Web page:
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(U2) Downtrend Extends


Spreads Maintain Strong LNG to Europe

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By Vicki Schmelzer
     NEW YORK (MNI) - On-shore Chinese yuan CFETS close 
23:30 local    23:30 local
time close      time close      16:30 local time CFETS    16:30 local time CFETS
                            reference rate close Sept.     reference rate close
Sept. 18          Sept. 15                          18                  Sept. 15
6.5752              6.5526                      6.5618                    6.5442
     USDCNY closed at CNY6.5752, after trading in a CNY6.5465 to CNY6.5761 range
(Bloomberg levels). 
     On June 27, dollar-yuan topped out at CNY 6.8442, before falling off
sharply as big Chinese banks sold dollars to prop up the yuan, purportedly at
the prompting of the People's Bank of China (PBOC). 
     Subsequently, USDCNY moved steadily lower, in line with an overall softer
U.S. dollar tone. The pair bottomed Sept. 8 near CNY6.4390, the lowest since
Dec. 11, 2015, when the pair bottomed also at CNY6.4390. USDCNY has since moved
higher in line with an improved dollar tone. 
     USDCNY posted a high of CNY6.9648 Dec. 28, 2016, very close to the
CNY6.9649 high seen Dec. 16, 2016, which was the weakest yuan level since May
21, 2008, when USDCNY topped out at CNY6.9743. 
     As a reminder, back on Jan. 12, 2016, the PBOC intervened heavily in order
to narrow the spread between the on-shore and off-shore yuan, which had widened
to over +1,400 pips in the first week in January as speculators entered into CNH
shorts on expectations of a higher USDCNY. 
     The PBOC was forced to intervene as one of the conditions of the yuan's
entry into the IMF's SDR basket was to close the gap. 
     In subsequent months in 2016, the CNH-CNY spread narrowed markedly,
reflecting overall improved risk appetite. The spread widened in response to the
June 23rd Brexit vote, but later narrowed again. 
     Beginning in December 2016, the CNH-CNY spread turned negative on several
occasions and the spread subsequently traded at extremely wide negative levels. 
     Analysts attributed the negative spreads, seen at times in 2017 to tighter
CNH funding conditions and positioning, not improved risk sentiment. 
     Monday's CNH-CNY closing spread (at 11:30 p.m. local time) was +1 pip
versus -40 pips Friday and compared to the -607 pips seen May 31. The August 9
spread of +223 pips was the most positive spread since Dec. 12, 2016, when the
spread stood at +267 pips. 
     The Feb. 3, 2017 spread was -719 pips, which was the widest negative spread
since the -891 pip spread seen Jan. 5. On Dec. 19, 2016, the spread was -276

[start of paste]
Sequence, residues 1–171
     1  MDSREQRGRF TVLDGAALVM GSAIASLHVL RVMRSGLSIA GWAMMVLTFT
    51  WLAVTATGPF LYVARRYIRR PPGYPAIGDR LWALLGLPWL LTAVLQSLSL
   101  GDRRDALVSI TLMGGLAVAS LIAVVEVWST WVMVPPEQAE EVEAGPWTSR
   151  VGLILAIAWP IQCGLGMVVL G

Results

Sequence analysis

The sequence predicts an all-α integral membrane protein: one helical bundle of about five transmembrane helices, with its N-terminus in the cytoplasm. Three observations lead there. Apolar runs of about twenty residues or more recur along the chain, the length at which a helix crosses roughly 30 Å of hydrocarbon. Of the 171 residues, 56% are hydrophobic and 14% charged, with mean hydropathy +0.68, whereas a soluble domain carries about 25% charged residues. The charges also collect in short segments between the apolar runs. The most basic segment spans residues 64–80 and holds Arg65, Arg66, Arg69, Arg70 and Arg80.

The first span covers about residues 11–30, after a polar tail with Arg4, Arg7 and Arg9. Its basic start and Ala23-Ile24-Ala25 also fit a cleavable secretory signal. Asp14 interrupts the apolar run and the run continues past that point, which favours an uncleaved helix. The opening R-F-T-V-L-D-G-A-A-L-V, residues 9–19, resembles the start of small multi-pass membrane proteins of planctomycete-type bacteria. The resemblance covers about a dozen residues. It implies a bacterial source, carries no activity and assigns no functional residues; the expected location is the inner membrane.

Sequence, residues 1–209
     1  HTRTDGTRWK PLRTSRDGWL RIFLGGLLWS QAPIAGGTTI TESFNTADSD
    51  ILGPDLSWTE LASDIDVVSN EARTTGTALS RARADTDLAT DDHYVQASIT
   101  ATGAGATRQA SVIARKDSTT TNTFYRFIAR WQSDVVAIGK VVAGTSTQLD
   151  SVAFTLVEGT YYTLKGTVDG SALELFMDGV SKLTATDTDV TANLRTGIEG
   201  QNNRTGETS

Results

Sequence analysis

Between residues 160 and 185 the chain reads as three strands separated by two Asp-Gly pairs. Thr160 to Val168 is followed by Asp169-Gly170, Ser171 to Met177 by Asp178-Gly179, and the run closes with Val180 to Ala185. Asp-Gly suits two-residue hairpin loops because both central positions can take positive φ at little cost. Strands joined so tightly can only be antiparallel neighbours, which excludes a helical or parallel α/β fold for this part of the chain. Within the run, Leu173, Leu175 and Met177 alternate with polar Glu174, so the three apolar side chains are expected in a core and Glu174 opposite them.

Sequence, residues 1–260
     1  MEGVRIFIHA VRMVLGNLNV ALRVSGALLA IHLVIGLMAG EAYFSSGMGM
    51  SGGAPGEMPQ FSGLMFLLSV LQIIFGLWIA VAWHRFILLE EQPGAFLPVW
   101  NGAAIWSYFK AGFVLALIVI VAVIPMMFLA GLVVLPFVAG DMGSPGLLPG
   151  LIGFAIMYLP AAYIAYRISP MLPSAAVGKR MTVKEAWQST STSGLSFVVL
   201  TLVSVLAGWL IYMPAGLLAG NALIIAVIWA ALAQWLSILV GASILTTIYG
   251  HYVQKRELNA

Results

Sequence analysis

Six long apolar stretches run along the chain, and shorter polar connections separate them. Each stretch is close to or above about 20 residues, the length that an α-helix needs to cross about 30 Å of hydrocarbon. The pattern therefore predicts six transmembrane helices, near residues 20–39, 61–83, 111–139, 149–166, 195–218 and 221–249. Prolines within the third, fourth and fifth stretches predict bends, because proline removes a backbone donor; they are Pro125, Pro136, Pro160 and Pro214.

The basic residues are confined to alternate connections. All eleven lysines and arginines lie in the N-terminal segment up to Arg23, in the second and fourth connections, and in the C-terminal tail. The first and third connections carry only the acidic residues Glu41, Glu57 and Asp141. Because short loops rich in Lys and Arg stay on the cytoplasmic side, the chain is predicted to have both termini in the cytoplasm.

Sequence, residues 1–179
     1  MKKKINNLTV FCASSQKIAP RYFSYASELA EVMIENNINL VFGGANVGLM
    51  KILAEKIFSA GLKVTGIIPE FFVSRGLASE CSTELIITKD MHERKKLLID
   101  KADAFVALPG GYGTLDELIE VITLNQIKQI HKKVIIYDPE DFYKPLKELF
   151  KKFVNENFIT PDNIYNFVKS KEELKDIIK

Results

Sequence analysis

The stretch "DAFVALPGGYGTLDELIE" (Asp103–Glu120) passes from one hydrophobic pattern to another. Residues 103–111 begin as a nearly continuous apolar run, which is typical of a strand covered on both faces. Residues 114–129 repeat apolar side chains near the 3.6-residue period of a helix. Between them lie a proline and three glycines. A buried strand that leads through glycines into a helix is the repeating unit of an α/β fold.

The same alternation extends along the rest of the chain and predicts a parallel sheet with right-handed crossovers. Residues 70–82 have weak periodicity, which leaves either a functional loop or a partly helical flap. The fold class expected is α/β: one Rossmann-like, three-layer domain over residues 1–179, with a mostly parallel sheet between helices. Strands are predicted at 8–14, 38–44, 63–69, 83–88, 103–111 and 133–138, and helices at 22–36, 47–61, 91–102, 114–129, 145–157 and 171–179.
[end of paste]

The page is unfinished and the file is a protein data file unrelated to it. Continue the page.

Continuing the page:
pips, which was the most negative spread of 2016. 
     On Nov. 23 and Nov. 25, 2016, the CNH-CNY spread widened to +287 pips. This
was the widest positive spread since Brexit in late June 2016, when on June 27,
the closing CNH-CNY spread of +396 pips was the widest, i.e. most risk averse,
since Feb. 3, 2016 when the spread was also +396 pips. 
     On Jan. 2, 2017, the off-shore yuan fell to a new life-time low versus the
dollar around CNH6.9895. Since then, overall the CNH has strengthened in line
with the CNY.
     Dollar-yuan (offshore) was trading near CNH6.5739 Monday, after holding in
a CNH6.5439 to CNH6.5784 range. 
     The USDCNH low of CNH6.4436, seen Sept. 8, was the lowest level since Dec.
7, 2015, when the pair bottomed at CNH6.4425. 
     Nearly four months ago, when U.S. Treasury yields and the dollar were
flying higher, USDCNH posted a high near CNH6.9177 May 9, the highest level
since March 9, when the pair saw a high near CNH6.9319. 
     Earlier, the People's Bank of China set the yuan central parity fixing
versus the U.S. dollar at CNY6.5419 versus CNY6.5423 Friday. 
     The Sept. 11 fixing of CNY6.4997 was the highest yuan fixing level since
May 12, 2016, when the parity rate was set at CNY6.4959. At the time, the PBOC
had set the fixing stronger for 11 straight trading days.
     These levels compared to the CNY6.9526 fixing, seen Jan. 4, 2017, which was
the weakest yuan fixing level since May 21, 2008. 
     It is difficult to say whether the appreciation of the yuan exchange rate
this year can continue, but it has provided the People's Bank of China with the
opportunity to relax its strict controls on capital outflows and push forward
its goal of a market-determined "clean float" of the currency, Guan Tao, former
head of the balance of payments division at the State Administration of Foreign
Exchange (SAFE), the government foreign-exchange regulator, told Market News
International in an exclusive interview. See MNI Main Wire at 7:16 a.m. ET for
--MNI New York Bureau; tel: +1 212-669-6438; email:

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